By Meghan McDermott
"They can download digital media for free and that's audio books, ebooks, music and video," said Renee San Jose with OverDrive.
Libraries are changing with the times, says Washington D.C.'s chief librarian.
"While we used to be the place that held the books we're now in some places the connection point," said Ginnie Cooper.
Many public libraries are making books available via their websites, for free. All you need is a device to download them and a library card. No returns, no late fees.
"The titles automatically expire at the end of each lending period. So there is no worry for the expiration date or having to go back to the library to physically return the book," said Cooper.
OverDrive, the company that manages over 9,000 library websites, estimates 30 million people visited the the website of their local library in 2008, a 63% increase over 2007.
"It's gotten more people reading one way or another. And I think the E-book format really appeals to a lot of folks. I see them on metro, on airplanes, I love it," said San Jose.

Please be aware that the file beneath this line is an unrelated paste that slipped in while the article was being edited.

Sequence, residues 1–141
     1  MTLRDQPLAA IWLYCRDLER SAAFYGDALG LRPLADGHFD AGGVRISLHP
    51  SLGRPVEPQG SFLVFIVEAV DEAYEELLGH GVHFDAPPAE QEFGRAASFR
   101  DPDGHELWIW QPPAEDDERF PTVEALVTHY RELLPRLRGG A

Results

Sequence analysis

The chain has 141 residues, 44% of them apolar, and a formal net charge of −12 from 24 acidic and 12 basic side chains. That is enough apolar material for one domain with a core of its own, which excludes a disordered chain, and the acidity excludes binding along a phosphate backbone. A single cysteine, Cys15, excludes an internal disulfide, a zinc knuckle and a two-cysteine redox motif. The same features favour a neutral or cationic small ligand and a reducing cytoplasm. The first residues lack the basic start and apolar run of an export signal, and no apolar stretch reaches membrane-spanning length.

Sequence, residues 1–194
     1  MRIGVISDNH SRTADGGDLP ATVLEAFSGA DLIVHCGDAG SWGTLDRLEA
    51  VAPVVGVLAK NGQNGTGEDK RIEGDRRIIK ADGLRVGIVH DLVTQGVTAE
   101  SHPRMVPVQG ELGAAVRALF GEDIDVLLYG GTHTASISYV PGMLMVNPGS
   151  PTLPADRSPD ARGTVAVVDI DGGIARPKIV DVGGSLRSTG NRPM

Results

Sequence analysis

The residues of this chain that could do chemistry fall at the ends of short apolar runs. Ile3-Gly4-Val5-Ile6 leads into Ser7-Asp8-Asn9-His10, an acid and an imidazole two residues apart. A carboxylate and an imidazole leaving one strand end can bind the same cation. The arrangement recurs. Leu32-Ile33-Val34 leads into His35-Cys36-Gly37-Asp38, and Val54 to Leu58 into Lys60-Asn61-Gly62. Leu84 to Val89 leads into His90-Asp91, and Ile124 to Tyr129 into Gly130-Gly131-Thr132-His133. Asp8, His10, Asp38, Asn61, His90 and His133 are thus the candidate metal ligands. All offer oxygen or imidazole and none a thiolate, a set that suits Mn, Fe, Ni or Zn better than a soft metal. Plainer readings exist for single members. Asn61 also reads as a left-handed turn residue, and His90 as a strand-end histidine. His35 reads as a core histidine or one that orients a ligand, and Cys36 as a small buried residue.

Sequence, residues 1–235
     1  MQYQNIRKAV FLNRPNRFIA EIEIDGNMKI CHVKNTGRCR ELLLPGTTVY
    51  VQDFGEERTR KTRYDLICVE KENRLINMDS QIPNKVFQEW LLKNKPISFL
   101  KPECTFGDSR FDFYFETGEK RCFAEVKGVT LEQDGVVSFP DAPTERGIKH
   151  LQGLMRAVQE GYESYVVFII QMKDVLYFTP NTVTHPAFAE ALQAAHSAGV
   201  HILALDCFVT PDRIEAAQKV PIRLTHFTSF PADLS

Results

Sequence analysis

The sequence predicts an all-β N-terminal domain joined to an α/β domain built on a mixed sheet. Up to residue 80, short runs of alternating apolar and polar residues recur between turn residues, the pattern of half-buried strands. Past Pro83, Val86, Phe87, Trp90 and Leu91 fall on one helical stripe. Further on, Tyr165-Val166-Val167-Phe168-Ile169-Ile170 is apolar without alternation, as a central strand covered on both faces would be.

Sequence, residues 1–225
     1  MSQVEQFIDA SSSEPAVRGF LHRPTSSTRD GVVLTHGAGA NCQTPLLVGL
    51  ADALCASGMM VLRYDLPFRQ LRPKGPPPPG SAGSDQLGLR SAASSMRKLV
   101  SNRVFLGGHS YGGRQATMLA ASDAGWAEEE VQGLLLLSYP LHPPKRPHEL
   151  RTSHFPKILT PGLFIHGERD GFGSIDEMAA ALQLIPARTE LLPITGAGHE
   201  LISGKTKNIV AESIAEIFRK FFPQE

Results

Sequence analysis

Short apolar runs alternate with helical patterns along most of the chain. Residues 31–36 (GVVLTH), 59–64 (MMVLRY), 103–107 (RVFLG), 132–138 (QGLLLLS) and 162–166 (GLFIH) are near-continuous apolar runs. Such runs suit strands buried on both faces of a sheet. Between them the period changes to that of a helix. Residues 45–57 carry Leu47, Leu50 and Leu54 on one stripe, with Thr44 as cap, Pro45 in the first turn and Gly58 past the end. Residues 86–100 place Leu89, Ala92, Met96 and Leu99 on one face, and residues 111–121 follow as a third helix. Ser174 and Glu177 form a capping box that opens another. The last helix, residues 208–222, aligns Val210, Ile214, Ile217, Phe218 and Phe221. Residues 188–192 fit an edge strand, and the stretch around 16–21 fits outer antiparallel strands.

This fall six universities were selected to try the kindle dx, Amazon.com's newest digital reader.
"I like to think what you hold in your hand tonight is the future," said an unidentified Pace University Professor.
And how does the future feel for students at New York's Pace University?
"I have friends that have come out of the bookstore paying $800.00 for a semester of books. So the books being so cheap on the Kindle it's definitely well worth it," said Pace University student, Nina Shoeler.
"I'd rather, much rather, open up a textbook and flip to the page," said Pace University student, Dan Santagata.
The devices aren't cheap. The Kindle DX lists for $489.00 and it can take some getting used to.
The Tyler Public Library does offer an online electronic book check-out, which is compatible with any computer. They also offer audio books which can be downloaded to an iPod and other mp3 players.
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